I could reduce the number of tubes, which will require 185v for the filaments, and use a power resistor for the rest of the voltage drop. What current and value resistor should I use for the purpose?
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    Re: Tube filaments on 230v? What do I need to know?

    I do not think they worried too much for the inrush current when the filaments are cold. And I have never seen a tube filament broken from that era...
    I am still using old style filament lamps for household lighting and they go bad frequently. I am not really sure about the failure mode but the heat shock due to the frequent turn on/off is somewhat cumulative. But I do not understand why the filament will glow brightly for a few seconds, then turn off and after a few seconds went into red glow (normal operation) mode. Most tubes use a filament voltage of 6V (6.3V to be exact and I do not know the reason for this odd choice) and most use a thoriated indirectly heated cathode that do not need high temp for a decent emission. Also, at lower voltage the filament will be thicker and stronger.

    As you already have the tubes, it is very easy to measure the room temp resistance of the filaments with a multimeter and estimate the inrush current. It is nowhere as serious as a large capacitor.



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    Re: Tube filaments on 230v? What do I need to know?

    A cold filament is exposed to extreme surge current by direct hookup to mains.

    On the other hand a transformer self-limits current output, because voltage starts to drop when you draw more than its spec current. It's less stressful on a cold filament.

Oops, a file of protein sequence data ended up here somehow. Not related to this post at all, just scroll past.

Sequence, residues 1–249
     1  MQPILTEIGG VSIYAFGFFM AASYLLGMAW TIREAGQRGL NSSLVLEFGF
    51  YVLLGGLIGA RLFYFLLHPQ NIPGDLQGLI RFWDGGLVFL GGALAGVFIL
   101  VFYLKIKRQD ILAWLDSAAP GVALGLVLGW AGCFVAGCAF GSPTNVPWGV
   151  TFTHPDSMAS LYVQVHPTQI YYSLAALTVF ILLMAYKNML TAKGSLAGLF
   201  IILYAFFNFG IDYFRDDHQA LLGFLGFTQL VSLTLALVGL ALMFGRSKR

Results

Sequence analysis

I've seen schematics which have several tube heaters in series, although those were 6v or 12v types.


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    Re: Tube filaments on 230v? What do I need to know?

    These are a fairly rare kind of tube used in some European countries and maybe not familiar to the rest of the World.

    The tube types beginning with 'U' were somewhat unusual, the concept was that instead of using different heater voltages and currents to get the required heating power, they all ran at 100mA and their individual heater voltages were different. The idea was that they could all be wired in series to minimize the final drop needed to run them across the incoming line supply and as such they had a better insulating layer between heater filament and the internal cathode wall. Peak voltage between heater and cathode could exceed 500V which would be risky for normal 6.3V or 12V heated types.

    The dropper resistor calculation is simple Ohms law. Take the AC line voltage, subtract the sum of all the heater voltages and divide by the current (0.1A). For longest life, look to make up a few Ohms of the final resistance with the 'hot' resistance of an NTC thermistor so it works as a surge limiter, having a higher resistance when cold.
    The power drop is also a simple Ohms Law but expect several Watts, in almost all cases there was a fat wire-wound power resistor in the heater circuit rated at as much as 20W. The cold resistance of the heaters will be much lower than at normal operating temperature, hence the surge in current and bright flash when first powered on so use the manufacturers rated current and voltage rather than measured resistance and expect at least twice that current at cold when considering surge limitation.

    Brian.
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    Re: Tube filaments on 230v? What do I need to know?